There is level 1b evidence from two RCTs (Fang et al. 2015; Mirbagheri et al. 2015) robot-assisted exercise appears to decrease all components of spasticity (isometric torque, reflex and intrinsic stiffness).
Functional Electrical Stimulation
There is level 4 evidence that single bouts of FES-assisted cycling ergometry, with a single level 2 study also showing that similar passive cycling movements are effective in reducing spasticity over the short-term although FES is more effective than passive movement.
There is level 1 evidence from 1 study, with conflicting evidence across two level 4 evidence studies, that show FES cycling decreases spasticity over the long-term.
There is level 4 evidence from three studies that a program of FES-assisted walking acts to reduce ankle spasticity in the short-term (i.e., £ 24 hours), however, a level 2 study showed no reduction across several lower limb muscles when considering an overall sustained effect.
There is no evidence to describe the optimal length and time course of FES-assisted walking for reducing spasticity.
Effects of Standing
There is level 2 evidence (from one prospective controlled trial; Sadeghi et al. 2016) that dynamic and static standing training does not reduce spasticity.
Body Weight Support Treadmill Training versus Tilt Table Standing
There is level 2 evidence (from one RCT; Manella & Field-Fote 2013) that electrical stimulation treadmill training and LOKOMAT robotic-assisted training decreases ankle clonus.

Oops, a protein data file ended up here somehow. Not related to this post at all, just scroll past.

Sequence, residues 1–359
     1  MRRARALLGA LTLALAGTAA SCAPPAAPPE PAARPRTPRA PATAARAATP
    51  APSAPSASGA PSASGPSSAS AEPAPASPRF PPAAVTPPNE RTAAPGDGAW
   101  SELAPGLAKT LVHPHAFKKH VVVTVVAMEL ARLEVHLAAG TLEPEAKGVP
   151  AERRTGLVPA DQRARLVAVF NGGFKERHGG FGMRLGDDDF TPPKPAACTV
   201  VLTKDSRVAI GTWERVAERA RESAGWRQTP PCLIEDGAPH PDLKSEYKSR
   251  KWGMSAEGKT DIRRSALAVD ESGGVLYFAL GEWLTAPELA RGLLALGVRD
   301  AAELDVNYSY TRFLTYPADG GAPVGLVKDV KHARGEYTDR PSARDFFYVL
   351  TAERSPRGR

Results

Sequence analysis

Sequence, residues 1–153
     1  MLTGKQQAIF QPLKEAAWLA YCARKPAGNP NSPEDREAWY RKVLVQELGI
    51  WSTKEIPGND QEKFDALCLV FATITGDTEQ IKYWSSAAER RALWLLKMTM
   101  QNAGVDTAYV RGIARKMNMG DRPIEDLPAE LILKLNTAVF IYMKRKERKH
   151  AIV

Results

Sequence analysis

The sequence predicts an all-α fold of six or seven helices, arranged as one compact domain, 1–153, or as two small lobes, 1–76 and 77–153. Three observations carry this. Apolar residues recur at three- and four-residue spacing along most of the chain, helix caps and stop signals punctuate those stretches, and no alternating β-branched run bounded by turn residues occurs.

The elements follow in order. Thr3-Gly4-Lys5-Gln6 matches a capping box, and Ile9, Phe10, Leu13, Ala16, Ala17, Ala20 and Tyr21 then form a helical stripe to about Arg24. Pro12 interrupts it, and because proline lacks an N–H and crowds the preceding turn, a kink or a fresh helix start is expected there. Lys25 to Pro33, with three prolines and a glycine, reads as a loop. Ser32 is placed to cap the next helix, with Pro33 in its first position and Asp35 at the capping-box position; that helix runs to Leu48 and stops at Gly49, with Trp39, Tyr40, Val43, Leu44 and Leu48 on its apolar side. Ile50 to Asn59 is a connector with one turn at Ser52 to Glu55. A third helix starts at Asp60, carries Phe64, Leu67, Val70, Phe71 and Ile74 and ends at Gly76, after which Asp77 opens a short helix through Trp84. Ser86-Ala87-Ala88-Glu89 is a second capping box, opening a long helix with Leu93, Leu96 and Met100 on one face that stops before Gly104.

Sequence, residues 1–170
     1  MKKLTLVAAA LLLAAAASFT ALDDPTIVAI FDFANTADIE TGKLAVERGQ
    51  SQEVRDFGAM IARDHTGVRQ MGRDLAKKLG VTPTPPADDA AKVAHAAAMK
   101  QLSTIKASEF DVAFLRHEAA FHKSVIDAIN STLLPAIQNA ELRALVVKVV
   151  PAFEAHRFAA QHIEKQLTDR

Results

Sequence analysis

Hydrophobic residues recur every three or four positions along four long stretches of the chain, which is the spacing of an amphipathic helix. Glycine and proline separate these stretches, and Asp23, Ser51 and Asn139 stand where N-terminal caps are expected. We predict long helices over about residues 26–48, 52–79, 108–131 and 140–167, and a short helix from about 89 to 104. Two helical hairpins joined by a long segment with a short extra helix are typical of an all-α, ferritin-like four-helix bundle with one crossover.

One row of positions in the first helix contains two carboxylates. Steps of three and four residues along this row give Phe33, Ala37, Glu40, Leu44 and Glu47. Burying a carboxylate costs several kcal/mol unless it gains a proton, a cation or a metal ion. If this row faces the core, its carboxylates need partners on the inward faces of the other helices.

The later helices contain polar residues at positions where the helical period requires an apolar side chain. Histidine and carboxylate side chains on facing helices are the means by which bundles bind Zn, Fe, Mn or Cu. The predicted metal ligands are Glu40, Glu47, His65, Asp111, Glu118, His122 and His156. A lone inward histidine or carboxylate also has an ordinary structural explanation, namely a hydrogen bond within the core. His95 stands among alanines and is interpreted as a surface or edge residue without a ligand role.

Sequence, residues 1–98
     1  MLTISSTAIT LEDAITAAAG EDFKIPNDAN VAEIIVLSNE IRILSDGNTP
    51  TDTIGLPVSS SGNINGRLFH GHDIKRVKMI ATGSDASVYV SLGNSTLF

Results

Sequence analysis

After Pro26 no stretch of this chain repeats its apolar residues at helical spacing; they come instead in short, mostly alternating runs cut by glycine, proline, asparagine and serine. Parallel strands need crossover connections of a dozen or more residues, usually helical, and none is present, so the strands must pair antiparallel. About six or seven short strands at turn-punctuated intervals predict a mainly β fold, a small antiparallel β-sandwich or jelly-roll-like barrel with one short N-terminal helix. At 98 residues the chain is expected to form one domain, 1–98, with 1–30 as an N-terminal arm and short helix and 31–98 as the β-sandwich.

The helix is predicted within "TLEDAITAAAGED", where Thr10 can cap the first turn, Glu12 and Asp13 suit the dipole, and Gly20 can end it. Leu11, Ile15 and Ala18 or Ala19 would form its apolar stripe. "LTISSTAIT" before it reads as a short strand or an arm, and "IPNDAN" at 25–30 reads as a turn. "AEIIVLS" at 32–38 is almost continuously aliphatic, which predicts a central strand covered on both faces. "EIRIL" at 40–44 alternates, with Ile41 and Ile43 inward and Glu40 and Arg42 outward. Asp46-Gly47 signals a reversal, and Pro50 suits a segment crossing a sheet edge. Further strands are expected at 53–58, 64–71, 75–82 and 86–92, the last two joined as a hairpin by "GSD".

There is level 4 evidence (from one pre-post study; Adams et al. 2011) that use of tilt-table standing decreases extensor spasms and body-weight support treadmill training results in a reduction in passive resistance to movement and flexor spasms.
There was level 4 evidence (from one pre-post study; Boutilier et al. 2012) that showed use of a Segway device for dynamic standing results in a reduction of spasticity.
There is conflicting level 4 evidence (from two case series; Kressler et al. 2014; Del-Ama et al. 2014) that use of an exoskeleton walking device results in a reduction in spasticity.
There is level 4 evidence (from one pre-post study; Cortes et al. 2013) that use of robotic training of the wrist does not improve upper limb spasticity.
There is level 4 evidence (from one pre-post study; Kesiktas et al. 2004) that hydrotherapy is not more effective in producing a short-term reduction in spasticity than conventional rehabilitation alone.
Resistance training is not deleterious but does not decrease spasticity as evidenced by one level 1b RCT (Bye et al 2017).
There is level 2 evidence (from 2 RCTs; Martinez et al 2018, Estes et al 2017, further supported by 1 small level 4 pre-post study by Gant et al 2018)) that combination therapies do not consistently reduce spasticity. This is slightly challenged by level 4 evidence (small pre-post, Mazzoleri et al 2017) that FES cycling followed by robotic exoskeleton training may reduce spasticity.
Active exercise interventions such as hydrotherapy, FES-assisted cycling and walking and robot-assisted exercise (including specific exercises combined) may produce short-term reductions in spasticity.